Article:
News


Is there value in formalizing definitions for both the Geomatics Sector and Geospatial Community that capture a meaningful relationship between the two? The ongoing Geomatics versus Geospatial debate once again became the focus of spirited discussion on the second day of the recent Canadian Geomatics Community Round Table (CGCRT) ‘Team Canada’ Geomatics Strategy, Action, and Implementation Planning Workshop. At the conclusion of the debate at the Team Canada Event, the majority of participants seemed to agree “geomatics” should remain the word used to describe our sector.



HINT: It’s not his secret recipe for crispy chicken! On the first day of the Canadian Geomatics Community Round Table (CGCRT) workshop in Ottawa on June 9 – Condé Nast posted the article, “The Fast-Food Advertisement That Was Visible From Space”. Naturally, curiosity got the best of me, and I opened up the article to find KFC’s Colonel Sanders smiling up at the heavens from Nevada’s famous Route 375 – the “extraterrestrial highway”.



Well, day one is done! It was a good day – filled with good conversation, inspiring ideas and an overwhelming spirit of collegiality. Best of all – the 100 people in the room were able to prioritize strategic objectives for the Canadian Geomatics Community. Here are the results of Day One: Pan Canadian Geomatics Day 1 Summary. Still a little messy, some wordsmithing remains to be done … but these priorities will guide the action and implementation planning tomorrow.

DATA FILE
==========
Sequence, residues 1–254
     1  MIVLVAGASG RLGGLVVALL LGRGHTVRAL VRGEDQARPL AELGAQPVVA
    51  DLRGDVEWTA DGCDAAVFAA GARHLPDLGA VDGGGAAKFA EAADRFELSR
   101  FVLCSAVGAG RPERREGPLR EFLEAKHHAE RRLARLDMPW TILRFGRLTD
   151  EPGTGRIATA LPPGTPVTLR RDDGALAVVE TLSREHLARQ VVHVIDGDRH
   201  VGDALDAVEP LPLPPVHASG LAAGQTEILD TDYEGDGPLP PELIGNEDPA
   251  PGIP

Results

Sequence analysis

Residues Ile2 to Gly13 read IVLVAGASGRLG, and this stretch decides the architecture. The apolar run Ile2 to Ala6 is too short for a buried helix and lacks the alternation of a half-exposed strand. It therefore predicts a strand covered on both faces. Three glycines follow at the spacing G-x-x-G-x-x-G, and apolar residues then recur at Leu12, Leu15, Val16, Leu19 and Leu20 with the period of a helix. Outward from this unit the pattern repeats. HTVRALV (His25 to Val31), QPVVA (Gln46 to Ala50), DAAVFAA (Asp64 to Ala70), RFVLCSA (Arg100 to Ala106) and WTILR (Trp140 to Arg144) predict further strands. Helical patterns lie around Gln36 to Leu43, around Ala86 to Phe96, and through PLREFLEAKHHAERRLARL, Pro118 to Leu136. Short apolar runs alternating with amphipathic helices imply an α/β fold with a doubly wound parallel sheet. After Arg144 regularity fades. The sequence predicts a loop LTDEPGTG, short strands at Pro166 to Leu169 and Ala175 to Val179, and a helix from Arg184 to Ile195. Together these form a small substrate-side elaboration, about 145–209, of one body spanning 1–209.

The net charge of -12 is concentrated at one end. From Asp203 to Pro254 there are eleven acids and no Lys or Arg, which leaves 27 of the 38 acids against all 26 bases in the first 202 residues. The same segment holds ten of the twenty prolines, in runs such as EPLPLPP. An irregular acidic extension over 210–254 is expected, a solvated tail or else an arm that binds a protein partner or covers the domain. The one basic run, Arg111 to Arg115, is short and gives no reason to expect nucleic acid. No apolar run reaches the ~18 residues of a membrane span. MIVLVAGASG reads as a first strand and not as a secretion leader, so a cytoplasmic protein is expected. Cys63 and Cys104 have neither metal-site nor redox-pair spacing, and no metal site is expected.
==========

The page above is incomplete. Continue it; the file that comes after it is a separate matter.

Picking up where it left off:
Next week, the Canadian Geomatics Community Round Table (CGCRT) will convene in Ottawa to work out how to achieve a vision for the year 2020 as defined in the Pan-Canadian Geomatics Strategy. I’ll be representing Open North, a non-profit with a mandate to create online tools to educate and empower citizens to participate actively in Canadian democracy. We’re particularly interested in the “Data Sources” dimension of the Strategy, which identifies issues, strategic objectives, and possible actions with respect to geospatial data access. Open geospatial data is fundamental to the success of our tools. For example, one ongoing project has had us assembling all federal, provincial, and municipal electoral boundaries across the country. The experience has highlighted the need for more consistent access to key datasets at all levels of government.



In the words of the immortal Yogi Berra, it seems like déjà vu all over again. Haven’t we had this conversation before? What can possibly be different in the world of geomatics from my undergrad days when in History of Geographic Thought class we pondered the weighty question, “What is geography”? I doubt any would disagree – much has changed. To some extent brought on by our own success but also the result of broad technology advances, changing societal expectations and market opportunities.